FAQ’s

FREQUENTLY ASKED QUESTIONS

Q:  WHAT IS ALCOHOLISM OR ALCOHOL ADDICTION?

A:  HERE IS WHAT WE BELIEVE. ALCOHOLISM IS A PREDICTABLE, PROGRESSIVE AND CHRONIC DISEASE. THOSE AFFLICTED WITH SUBSTANCE ABUSE STRUGGLE WITH THE INCESSANT NEED TO USE, EVEN IF IT IS NEGATIVELY AFFECTING THEIR LIVES.

ALCOHOL ADDICTION CAN DISMANTLE PEOPLE'S LIVES, IMPACTING RELATIONSHIPS, CAREERS, FINANCES AND MORE.

WITHOUT TREATMENT, AN ADDICTED PERSON WILL DETERIORATE AND EVENTUALLY WILL END UP INCARCERATED, INSANE OR DEAD.

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Q:  HOW WILL I KNOW IF ALCOHOL IS A PROBLEM IN MY LOVED ONE'S LIFE?

A:  IF YOU CAN ANSWER YES TO ANY OF THESE QUESTIONS, YOUR LOVED ONE MAY BE STRUGGLING WITH ALCOHOL ADDICTION:

- CAN YOUR LOVED ONE STOP AFTER CONSUMING 1 OR 2 DRINKS?

- HAS HE OR SHE SUFFERED ANY CONSEQUENCES FROM DRINKING, SUCH AS JOB LOSS, DWI, OR BROKEN RELATIONSHIPS?

- DOES HE OR SHE DRINK IN SECRET AND ATTEMPT TO HIDE THE EVIDENCE?

- DOES HE OR SHE HAVE A HIGH TOLERANCE TO ALCOHOL?

Q:  WHAT IS DRUG ADDICTION?

A:  THE NATIONAL INSTITUTE ON DRUG ABUSE (NIDA) DEFINES DRUG ADDICTION AS A chronic, relapsing brain disease that is characterized by compulsive drug seeking and use, despite harmful consequences.

NIDA considers IT A brain disease because drugs alter the brain's structure and how it works. These alterations can be long lasting and can lead to many harmful, often self-destructive, behaviors.

Q:  HOW WILL I KNOW IF DRUGS ARE A PROBLEM IN MY LOVED ONE'S LIFE?

A:  If someone you love is addicted to drugs they could exhibit a few or all of the following signs and symptoms:*

 - Cravings. People may experience intense urges or cravings for the drug as their addiction develops.

 - Physical dependencePhysical dependence to drugs can develop as people grow accustomed to the persistent presence and influence of the substance. The changes in physiology that accompany this process leave people feeling badly or functioning sub-optimally when the drug is no longer in the system.

 - Tolerance. Over time and with prolonged use, people can build up a tolerance to the drug, meaning they need more of the drug to achieve the desired effects.

 - Withdrawal symptomsSome people experience withdrawal symptoms when they attempt to stop using abruptly or when they wean themselves off the drug over a period of time. This is the presence of a withdrawal syndrome indicates that physiologic dependence is at play.

 - Poor judgement. When an individual is addicted to drugs, he or she may do anything to obtain more, including risky behaviors such as stealing, lying, engaging in unsafe sexual activity, selling drugs, or crimes that could land the person in jail.

 - Drug-seeking. People may spend excessive amounts of time and energy finding and getting their drug of choice.

 - Financial trouble. People may spend large amounts of money, drain their bank accounts, and go outside their budgets in order to get the drug. This is a major red flag.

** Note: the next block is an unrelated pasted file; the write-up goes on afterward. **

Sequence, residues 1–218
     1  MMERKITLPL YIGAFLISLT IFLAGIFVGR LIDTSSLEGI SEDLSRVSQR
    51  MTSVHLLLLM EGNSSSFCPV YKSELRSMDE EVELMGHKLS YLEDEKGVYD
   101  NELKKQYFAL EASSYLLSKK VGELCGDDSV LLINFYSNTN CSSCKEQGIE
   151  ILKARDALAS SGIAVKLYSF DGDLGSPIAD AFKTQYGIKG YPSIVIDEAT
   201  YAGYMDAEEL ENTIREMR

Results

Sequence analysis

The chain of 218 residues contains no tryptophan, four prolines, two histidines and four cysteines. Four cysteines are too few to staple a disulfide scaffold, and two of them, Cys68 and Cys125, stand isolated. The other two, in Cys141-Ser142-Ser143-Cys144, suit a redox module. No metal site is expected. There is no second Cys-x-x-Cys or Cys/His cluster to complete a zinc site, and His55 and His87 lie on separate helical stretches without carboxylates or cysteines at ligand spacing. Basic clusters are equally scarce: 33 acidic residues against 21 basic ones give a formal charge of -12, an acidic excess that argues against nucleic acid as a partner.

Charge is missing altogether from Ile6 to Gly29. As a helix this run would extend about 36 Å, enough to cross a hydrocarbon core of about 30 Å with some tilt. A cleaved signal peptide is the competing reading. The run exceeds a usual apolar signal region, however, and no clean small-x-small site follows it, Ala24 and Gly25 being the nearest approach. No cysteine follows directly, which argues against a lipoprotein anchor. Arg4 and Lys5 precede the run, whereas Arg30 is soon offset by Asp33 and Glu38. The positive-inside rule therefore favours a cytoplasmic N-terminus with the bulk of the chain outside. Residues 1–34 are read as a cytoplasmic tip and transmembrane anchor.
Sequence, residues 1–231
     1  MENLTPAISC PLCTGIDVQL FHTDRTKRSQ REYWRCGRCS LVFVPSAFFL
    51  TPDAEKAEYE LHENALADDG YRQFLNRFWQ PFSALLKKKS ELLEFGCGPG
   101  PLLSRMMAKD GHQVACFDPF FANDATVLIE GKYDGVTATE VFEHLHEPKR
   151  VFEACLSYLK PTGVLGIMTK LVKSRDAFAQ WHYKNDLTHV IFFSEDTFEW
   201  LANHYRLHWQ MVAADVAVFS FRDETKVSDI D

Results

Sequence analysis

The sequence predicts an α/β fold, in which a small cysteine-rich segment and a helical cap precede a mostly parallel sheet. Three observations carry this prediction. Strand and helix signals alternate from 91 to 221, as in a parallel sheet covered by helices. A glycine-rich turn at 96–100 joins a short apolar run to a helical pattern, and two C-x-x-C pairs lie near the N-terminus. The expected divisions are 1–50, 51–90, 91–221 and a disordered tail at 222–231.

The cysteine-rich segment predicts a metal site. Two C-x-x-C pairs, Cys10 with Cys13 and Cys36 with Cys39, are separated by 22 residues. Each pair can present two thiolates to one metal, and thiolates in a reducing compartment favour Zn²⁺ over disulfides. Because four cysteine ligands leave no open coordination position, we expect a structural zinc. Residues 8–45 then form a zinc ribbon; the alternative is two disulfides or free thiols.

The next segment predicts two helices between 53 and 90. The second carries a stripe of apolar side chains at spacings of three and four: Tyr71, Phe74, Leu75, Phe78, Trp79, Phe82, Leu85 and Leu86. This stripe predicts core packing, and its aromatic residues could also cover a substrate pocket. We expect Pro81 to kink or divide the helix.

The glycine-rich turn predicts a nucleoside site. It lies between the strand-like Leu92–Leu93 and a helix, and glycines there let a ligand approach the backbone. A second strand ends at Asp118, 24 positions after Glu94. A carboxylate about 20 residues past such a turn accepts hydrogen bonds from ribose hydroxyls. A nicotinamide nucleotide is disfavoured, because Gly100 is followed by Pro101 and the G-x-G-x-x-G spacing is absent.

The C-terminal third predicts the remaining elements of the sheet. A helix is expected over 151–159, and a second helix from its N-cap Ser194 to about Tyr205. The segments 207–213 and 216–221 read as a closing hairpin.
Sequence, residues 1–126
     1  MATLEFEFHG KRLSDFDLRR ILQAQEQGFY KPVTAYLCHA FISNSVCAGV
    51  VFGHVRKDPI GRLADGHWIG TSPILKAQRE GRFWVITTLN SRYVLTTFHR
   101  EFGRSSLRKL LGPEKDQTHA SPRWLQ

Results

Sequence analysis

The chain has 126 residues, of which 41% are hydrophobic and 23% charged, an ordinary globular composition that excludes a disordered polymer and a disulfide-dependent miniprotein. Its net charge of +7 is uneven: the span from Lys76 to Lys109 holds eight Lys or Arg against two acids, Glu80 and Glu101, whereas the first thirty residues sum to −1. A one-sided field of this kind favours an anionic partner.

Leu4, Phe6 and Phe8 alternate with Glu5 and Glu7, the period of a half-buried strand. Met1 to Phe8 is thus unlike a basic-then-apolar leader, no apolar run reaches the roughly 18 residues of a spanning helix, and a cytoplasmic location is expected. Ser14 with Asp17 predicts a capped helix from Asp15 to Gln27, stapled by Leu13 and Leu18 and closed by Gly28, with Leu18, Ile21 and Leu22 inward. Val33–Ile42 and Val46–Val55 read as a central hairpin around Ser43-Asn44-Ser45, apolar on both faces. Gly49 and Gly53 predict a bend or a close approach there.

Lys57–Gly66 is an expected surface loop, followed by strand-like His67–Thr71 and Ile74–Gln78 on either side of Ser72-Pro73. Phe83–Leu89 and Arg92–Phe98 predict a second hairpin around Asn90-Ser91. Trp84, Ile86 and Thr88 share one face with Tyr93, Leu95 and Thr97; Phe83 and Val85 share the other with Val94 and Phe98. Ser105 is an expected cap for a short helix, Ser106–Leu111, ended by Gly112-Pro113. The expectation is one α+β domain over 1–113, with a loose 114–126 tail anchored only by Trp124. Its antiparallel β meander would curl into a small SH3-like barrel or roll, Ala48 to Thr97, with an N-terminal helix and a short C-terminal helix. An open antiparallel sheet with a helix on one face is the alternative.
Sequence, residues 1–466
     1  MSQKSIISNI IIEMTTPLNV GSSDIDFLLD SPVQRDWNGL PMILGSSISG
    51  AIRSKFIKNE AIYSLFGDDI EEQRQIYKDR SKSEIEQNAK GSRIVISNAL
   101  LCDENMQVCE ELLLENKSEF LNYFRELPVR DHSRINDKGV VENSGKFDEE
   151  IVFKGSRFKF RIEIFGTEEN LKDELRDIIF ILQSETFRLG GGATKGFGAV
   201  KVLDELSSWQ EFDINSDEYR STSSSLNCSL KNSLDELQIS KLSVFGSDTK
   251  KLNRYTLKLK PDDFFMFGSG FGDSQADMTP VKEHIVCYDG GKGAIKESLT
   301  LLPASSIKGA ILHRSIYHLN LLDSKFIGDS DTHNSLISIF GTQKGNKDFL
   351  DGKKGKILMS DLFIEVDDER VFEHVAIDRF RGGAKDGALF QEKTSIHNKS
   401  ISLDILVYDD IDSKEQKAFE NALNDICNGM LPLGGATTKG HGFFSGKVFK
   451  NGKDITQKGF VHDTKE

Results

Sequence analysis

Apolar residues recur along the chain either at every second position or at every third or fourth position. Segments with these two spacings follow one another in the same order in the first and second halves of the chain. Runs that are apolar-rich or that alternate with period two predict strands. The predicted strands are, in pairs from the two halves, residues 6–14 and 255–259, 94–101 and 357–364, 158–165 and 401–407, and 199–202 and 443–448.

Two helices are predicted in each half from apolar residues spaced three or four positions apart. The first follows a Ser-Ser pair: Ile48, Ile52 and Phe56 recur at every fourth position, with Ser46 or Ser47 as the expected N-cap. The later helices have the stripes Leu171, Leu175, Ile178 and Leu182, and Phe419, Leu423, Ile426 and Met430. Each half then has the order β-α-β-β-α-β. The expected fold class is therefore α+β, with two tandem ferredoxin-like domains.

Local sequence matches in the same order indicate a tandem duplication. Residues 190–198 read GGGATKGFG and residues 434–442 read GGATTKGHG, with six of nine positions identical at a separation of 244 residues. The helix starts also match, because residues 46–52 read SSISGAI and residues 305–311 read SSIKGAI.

- Neglect responsibilities. When people choose using or getting the drug over meeting work or personal obligations, this is a classic sign of addiction.

 - Develop unhealthy friendships. When people start using new substances, they may spend time with others who have similar habits. They may hang out with a new group of people who may encourage unhealthy habits.

 - Isolate. Alternatively, they may withdraw and isolate themselves, hiding their drug use from friends and family. Some reasons for this may include perceived stigma or increased depression, anxiety, or paranoia as a result of their drug addiction.

*MAYO CLINIC, 2014 - SYMPTOMS

Q:  What is an eating disorder?

A:  According to The Diagnostic and Statistical Manual of Mental Disorders-V (DSM-V), Anorexia Nervosa, Bulimia Nervosa, Binge Eating Disorder, and Eating Disorder Not Otherwise Specified are all considered eating disorders.

Recognizing an eating disorder can be complicated. Research shows that up to half of all Americans show signs of disordered relationship to food. Symptoms of disordered eating can be food restriction, binge eating, and/or purging (via self-induced vomiting or excessive exercise, and use of diet pills and/ or laxatives).

Q:  How will i know if someone i love has an eating disorder?

A:  If someone you love exhibits one or more of these symptoms, you may want to reach out for help:

- Anxiety about specific foods or food groups

- Obsessive calorie counting

- A rigid approach to eating. Willingness to eat only specific foods. Lack of flexibility around meal times. Refusal to eat outside one's home.

- Excessive or rigid exercise regimen

- Distorted body image: 1) A person fails to see he/she is obese. 2) A person is within healthy weight range, but feels he/she is overweight. 3) A person is extremely thin, but continues to see him/herself as overweight.